I can’t think of a single profession that doesn’t benefit from professional development. I want my doctor to learn the latest research on prescription medication or a new diagnostic tool. Teachers need to be on top of new curriculum, and IT professionals should be able to troubleshoot new software and hardware systems. An auto mechanic should know how to fix the latest engineering under the hood of my car.
Investing in professional development is what leading organizations in both the public and private sector do if they want to recruit, retain and get the highest level of performance out of their employees.
Recently, the City of Guelph Information Technology Annual Report red-flagged PD as an area that we are sorely lacking. During past budget cuts, PD was cut or eliminated in many departments, and we are now seeing a ripple effect. Staff are expected to be up to date on best practices, latest research, legislative change and to establish networks with their colleagues to brainstorm, innovate and problem-solve. Slowly, our PD budgets are being restored, thank goodness, and everyone in the city will benefit from the learning gained through keeping the best and brightest staff in Guelph.
But what about PD for members of Council? Since they are expected to guide us forward — on city-building, wellness, fiscal responsibility and economic development among many other things — shouldn’t councillors also be expected to know best practices, understand new regulations, share innovative ideas with colleagues, and develop their leadership and communication skills? I think so.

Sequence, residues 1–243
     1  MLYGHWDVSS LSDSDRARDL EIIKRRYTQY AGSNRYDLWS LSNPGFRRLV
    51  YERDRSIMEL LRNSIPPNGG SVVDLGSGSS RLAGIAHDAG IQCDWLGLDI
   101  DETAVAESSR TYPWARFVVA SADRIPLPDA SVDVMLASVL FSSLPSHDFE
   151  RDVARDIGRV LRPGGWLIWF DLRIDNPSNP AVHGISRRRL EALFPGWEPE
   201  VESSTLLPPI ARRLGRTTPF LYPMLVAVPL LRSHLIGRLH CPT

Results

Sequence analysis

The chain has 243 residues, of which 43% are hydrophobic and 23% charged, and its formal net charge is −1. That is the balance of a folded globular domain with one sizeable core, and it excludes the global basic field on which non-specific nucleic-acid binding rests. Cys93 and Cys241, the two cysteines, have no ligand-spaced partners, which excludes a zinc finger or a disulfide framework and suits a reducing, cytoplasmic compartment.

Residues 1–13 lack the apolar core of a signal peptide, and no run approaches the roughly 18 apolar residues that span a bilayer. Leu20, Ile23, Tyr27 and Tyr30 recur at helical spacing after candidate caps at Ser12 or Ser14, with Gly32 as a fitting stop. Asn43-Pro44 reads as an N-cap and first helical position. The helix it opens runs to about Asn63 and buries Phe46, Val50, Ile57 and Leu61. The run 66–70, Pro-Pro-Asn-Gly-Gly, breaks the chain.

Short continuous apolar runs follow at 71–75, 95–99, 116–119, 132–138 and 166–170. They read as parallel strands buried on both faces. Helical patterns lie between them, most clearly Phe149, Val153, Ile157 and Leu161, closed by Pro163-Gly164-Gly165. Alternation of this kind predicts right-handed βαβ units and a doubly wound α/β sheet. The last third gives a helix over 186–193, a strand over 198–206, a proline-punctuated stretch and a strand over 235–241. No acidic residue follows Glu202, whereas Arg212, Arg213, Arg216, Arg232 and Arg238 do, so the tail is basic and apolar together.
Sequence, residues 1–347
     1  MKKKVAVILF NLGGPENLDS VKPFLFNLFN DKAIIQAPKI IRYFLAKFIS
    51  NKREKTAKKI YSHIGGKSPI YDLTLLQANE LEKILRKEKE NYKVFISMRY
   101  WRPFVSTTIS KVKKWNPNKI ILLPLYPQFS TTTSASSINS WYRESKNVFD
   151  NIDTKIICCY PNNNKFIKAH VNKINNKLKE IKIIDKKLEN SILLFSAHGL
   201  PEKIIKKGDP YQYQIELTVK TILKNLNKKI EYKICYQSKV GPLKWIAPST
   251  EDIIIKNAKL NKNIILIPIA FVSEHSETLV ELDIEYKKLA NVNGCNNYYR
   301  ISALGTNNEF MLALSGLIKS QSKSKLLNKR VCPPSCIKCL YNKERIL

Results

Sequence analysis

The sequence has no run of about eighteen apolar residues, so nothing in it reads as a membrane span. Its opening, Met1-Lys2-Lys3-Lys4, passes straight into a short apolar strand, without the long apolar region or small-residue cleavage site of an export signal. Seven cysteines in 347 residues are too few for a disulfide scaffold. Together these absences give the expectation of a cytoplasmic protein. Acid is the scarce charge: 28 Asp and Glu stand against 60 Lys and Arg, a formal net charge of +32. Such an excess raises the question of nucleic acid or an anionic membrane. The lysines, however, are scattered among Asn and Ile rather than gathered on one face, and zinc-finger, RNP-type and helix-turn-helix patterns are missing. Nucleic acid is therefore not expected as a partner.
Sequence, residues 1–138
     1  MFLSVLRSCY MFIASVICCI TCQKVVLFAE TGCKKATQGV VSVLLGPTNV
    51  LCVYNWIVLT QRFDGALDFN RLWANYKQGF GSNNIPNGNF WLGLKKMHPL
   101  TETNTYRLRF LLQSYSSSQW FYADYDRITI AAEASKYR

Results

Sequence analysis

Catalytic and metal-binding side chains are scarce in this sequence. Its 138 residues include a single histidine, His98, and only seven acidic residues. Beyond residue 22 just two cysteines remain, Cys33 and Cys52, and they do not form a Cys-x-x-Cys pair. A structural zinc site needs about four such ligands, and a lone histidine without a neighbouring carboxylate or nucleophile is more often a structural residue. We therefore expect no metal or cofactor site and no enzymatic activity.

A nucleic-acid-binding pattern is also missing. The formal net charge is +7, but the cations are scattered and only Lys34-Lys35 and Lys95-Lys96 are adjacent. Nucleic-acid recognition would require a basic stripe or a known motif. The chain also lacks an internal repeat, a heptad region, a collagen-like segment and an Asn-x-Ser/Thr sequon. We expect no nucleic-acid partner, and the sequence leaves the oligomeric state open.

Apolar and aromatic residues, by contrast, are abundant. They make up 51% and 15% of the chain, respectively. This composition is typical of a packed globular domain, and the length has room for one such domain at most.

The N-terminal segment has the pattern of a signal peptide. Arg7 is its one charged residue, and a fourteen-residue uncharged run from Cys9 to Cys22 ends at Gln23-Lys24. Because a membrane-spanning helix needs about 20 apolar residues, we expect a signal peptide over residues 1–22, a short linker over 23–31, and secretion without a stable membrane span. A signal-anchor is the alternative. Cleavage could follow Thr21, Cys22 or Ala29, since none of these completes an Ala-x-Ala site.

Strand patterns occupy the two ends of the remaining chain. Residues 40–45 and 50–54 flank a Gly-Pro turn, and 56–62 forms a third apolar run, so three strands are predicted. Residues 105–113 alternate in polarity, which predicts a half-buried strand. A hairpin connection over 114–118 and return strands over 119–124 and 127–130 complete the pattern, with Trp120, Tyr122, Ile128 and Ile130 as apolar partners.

Guelph city councillors receive a $3,250 limit to engage in professional development. In the annual remuneration for Mayor and Council, it shows up as “Sundries”. I use this line for professional development and choose wisely each year how best to enhance my skills and knowledge to serve the best interests of the citizens I represent.
Over the past years, I have used this allowance to attend workshops at the Federation of Canadian Municipalities (FCM) and Association of Municipalities of Ontario (AMO). I have also attended training, conferences and workshops offered by the Centre for Civic Governance, Canadian Urban Institute and Project for Public Spaces. I have learned about new community engagement models, using social media, watershed protection legislation, Greenbelt economic development, and much much more.
In 2014, I will be attending the Livable Cities Conference in Portland, OR, which is considered one of the North America’s model cities for active transportation, parkland restoration, family-friendly neighbourhoods, cultural districts, and lowering per capita energy use. The program can be found here: Livable Cities Conference Program. I use the knowledge gained from PD to make better, more informed decisions on your behalf. I am also better able to critically read and ask for a deeper level of detail in reports and recommendations that come to Council for approval.